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Re: Is your service desk happy? You better know because it really matters.

Cees-Pieter den Hartog

Myles,

 

Excellent blog and very true. The happy, committed employees are crucial for both the IT (servicedesk) employees and the 'customers' of the IT service desk (IT end users). It is not only common sense, but it is even possible to link IT happiness and 'hard data' like productivity. IT Happiness has a direct relationship with the way the IT department operates. This in turn has an impact on the productivity of the organisation. Scientific research conducted in 2012 in The Netherlands (where I come from) reveals that Dutch employees waste on average 7.6% of their time on the PC as a result of poorly functioning IT and a lack of computer skills. The researchers calculate that the loss of productivity can exceed €1 million in an organisation with 500 IT users. If you were to improve this same IT organisation (taking the example with 500 IT users) and allow IT Happiness to improve so that this 7.6% loss becomes a loss of 6%, for example, you can reduce the loss of productivity by around €220.000.

 

More difficult to measure, but based on my experiences is that IT end-users who are happy with IT, tend to be staff who are also proactive in contributing ideas for improvements and innovations, who adopt a positively critical approach and can make other staff enthusiastic about such things as changes, IT migrations, the use of new portals or service catalogues, centralisation or decentralisation of the IT service desk.

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Cees-Pieter den Hartog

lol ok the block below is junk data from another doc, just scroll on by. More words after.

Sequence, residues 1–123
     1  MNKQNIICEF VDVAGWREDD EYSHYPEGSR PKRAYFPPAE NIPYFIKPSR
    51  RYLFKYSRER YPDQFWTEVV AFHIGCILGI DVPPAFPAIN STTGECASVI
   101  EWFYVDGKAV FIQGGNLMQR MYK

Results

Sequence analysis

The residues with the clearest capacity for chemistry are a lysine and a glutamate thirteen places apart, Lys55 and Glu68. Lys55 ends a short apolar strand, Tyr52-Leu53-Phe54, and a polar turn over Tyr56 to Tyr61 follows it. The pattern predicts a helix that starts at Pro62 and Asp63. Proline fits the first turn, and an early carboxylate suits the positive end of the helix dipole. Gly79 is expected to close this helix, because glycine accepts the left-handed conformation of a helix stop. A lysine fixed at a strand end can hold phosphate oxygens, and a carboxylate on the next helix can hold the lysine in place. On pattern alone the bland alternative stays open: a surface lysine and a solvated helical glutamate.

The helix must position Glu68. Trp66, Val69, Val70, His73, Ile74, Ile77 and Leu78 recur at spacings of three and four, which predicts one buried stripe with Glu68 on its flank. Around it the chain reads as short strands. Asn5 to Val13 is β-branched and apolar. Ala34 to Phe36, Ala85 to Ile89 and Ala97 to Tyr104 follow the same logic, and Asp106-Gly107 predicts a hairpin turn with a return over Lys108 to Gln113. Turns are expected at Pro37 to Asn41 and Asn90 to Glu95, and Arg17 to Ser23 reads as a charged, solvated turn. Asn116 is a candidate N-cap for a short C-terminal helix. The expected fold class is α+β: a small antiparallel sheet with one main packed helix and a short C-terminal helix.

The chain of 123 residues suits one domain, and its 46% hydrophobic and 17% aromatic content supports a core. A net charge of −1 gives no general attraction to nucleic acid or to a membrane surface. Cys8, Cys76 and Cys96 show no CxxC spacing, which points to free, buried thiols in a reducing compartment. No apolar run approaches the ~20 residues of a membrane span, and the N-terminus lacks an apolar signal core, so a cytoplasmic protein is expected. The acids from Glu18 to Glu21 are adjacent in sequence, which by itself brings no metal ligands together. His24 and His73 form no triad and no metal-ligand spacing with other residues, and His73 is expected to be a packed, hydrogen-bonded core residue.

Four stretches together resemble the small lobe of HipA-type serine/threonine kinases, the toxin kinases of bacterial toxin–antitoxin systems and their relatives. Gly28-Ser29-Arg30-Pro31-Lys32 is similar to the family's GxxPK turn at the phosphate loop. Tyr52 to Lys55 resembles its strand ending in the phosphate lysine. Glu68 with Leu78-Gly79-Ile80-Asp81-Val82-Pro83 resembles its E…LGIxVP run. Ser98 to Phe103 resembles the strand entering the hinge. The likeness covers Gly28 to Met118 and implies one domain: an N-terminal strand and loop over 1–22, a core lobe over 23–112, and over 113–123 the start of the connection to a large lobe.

Comments
Cees-Pieter den Hartog

Myles,

 

Excellent blog and very true. The happy, committed employees are crucial for both the IT (servicedesk) employees and the 'customers' of the IT service desk (IT end users). It is not only common sense, but it is even possible to link IT happiness and 'hard data' like productivity. IT Happiness has a direct relationship with the way the IT department operates. This in turn has an impact on the productivity of the organisation. Scientific research conducted in 2012 in The Netherlands (where I come from) reveals that Dutch employees waste on average 7.6% of their time on the PC as a result of poorly functioning IT and a lack of computer skills. The researchers calculate that the loss of productivity can exceed €1 million in an organisation with 500 IT users. If you were to improve this same IT organisation (taking the example with 500 IT users) and allow IT Happiness to improve so that this 7.6% loss becomes a loss of 6%, for example, you can reduce the loss of productivity by around €220.000.

 

More difficult to measure, but based on my experiences is that IT end-users who are happy with IT, tend to be staff who are also proactive in contributing ideas for improvements and innovations, who adopt a positively critical approach and can make other staff enthusiastic about such things as changes, IT migrations, the use of new portals or service catalogues, centralisation or decentralisation of the IT service desk.

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